18 regardless of allocation rule, frame or frustration level (interactions with all these factors are not statistically significant). Both the frame effect and the BDM frustration effect are statistically significant only under needs-based rationing (p-value=0.022). Under needs-based allocation WTP values were significantly lower in the health frame than the neutral frame; they were also significantly lower under the low-frustration mechanism than the high-frustration mechanism..a priori, our hypothesis was that neither frame nor frustration level would affect WTP for private health insurance since neither has any effect on the financial incentives. Finally, while last period s severity level does not affect WTP for insurance (p-value=0.345), last period s random market price has a significant affect on WTP (p-value=0.000). Again, this is an unexpected finding given that subjects were told that price draws are independent across periods. 5. Discussion These findings have important implications both for the potential role of laboratory experiments in the health-sector research and for health policy. We consider each in turn. As noted already, this is, to our knowledge, the first attempt to create an experimental environment to test alternative systems of health care finance. The results indicate that laboratory experiments have considerable potential to provide insight into a range of institutional design issues in the health sector. The subjects appear to have understood what in many respects was a complex environment foreign to Canadians (who are most familiar with the public insurance system only); learning effects are present but bids stabilize after a couple of periods in each parameterization of the environment; and the mean bids for private insurance varied as expected. Differences between the health and neutral frames arose where they are most plausible: needs-based allocation. Subjects appear to have treated the random allocation as akin to a financial gamble, regardless of how we framed the setting. Needs-based allocation is both more familiar and expected in a health frame. In the health frame needs-based allocations causes no cognitive dissonance and subjects responded more to the incentive effects of needs-based rationing in the health frame than in the neutral frame. Framing all issues of relevance to health settings is difficult in laboratory experiments, especially the full cost (including pain and suffering) to an individual of 18

19 being ill or injured. In this work we focused only on monetary costs. Future experimental work will have to explore alternative ways to represent the full array of costs and benefits in health settings. The experimental design allowed us to investigate the role of two factors that would be almost impossible to study using observational data. No data document either the extent to which individuals perceive that the health care system allocates resources according to need, or their perception of the probability that the system would be unable to provide needed services. Yet, these unmeasured perceptions are potentially major drivers of demand for an alternative to the publicly financed health care system. Our results also provide further caution regarding the BDM elicitation mechanism. The frustration level imposed by the distribution of randomly drawn market prices for private insurance, while not predicted to have an effect by the theoretical model being tested (Cuff et. al. (2008)), did affect subjects stated WTP. This may be an artifact of the BDM mechanism. As noted above, Bohm et al. (1997) find elicited WTP values are sensitive to the choice of endpoints of the distribution over which the market price is drawn. Moving an endpoint of a uniform distribution is equivalent in some respects to increasing the probability mass at the upper or lower tail of the distribution. It appears that changing the shape of the market price distribution by making it skewed toward higher values to induce high-frustration appears to have artificially increased our subjects WTP. A similar argument could be made as to why we observe WTPs higher than the theoretical predictions even under low frustration. This sensitivity of WTP bids to aspects of the elicitation mechanism that should not influence bids is a cause for concern with the BDM mechanism. Because our analysis focused on differences between bids in alternative environments, as long as any such bias was fixed it was removed by differences. But in settings for which the absolute level of WTP is of primary importance, such bias may compromise findings. Testing hypotheses regarding the absolute level of WTP for private insurance in the context of the Cuff et al. (2008) model might best be achieved using an experimental setting in which the market price for health care resources is endogenously determined along with the the probability of treatment in the public sector. We leave such interests for future work. From a policy perspective, the results highlight some critical, relatively neglected issues in the debate about parallel private health insurance. The policy discussion has focused on wait times per se as a driver of demand for privately financed care. Our results emphasize that also important is the 19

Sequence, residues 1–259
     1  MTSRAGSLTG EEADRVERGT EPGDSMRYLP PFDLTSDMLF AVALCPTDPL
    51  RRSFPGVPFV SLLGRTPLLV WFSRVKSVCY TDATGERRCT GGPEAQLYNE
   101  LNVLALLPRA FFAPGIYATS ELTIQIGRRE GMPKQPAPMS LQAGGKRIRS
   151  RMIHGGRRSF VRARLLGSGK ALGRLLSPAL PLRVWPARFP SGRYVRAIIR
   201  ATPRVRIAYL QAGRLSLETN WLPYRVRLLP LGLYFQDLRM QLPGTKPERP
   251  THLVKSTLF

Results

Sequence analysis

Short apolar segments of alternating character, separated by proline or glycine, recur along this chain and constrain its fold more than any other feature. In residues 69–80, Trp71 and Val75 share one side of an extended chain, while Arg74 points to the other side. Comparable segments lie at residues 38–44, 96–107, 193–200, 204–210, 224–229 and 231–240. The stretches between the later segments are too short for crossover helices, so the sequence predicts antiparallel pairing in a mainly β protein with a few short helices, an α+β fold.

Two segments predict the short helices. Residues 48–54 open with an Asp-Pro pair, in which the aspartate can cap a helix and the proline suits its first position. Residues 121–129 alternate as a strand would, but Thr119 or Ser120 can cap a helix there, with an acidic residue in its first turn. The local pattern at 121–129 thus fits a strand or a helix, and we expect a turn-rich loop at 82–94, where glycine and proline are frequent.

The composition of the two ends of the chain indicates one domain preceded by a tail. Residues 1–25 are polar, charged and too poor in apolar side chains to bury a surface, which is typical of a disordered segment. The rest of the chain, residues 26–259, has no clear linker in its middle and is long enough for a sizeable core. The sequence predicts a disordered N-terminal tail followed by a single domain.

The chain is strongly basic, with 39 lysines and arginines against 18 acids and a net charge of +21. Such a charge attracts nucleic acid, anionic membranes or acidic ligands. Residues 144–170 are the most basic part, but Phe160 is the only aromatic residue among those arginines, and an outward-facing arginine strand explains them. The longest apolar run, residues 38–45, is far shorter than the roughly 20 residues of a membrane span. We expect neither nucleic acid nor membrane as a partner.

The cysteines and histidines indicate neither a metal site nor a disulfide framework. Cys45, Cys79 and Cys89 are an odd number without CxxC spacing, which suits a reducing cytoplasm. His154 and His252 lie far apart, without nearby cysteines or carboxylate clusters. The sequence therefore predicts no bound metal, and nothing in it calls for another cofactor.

20 process of rationing. If rationing is needs-based, people are less likely to pursue private financing for two reasons. First, they are insured against the highest loses associated with a severe condition. But second, anecdotal evidence suggests that for reasons of both efficiency and equity, people are more tolerant of a wait if they know that the people ahead in the queue are in greater need. But if they perceive that resources are not in fact allocated based on need, both self-interest and sense of inequity encourage use of a private alternative. A critical policy implication is that if system managers can demonstrate to the public that the system does allocate according to need, the viability of privately financed services will be compromised: few things will inhibit the growth of private insurance more than the good performance of the public system. 20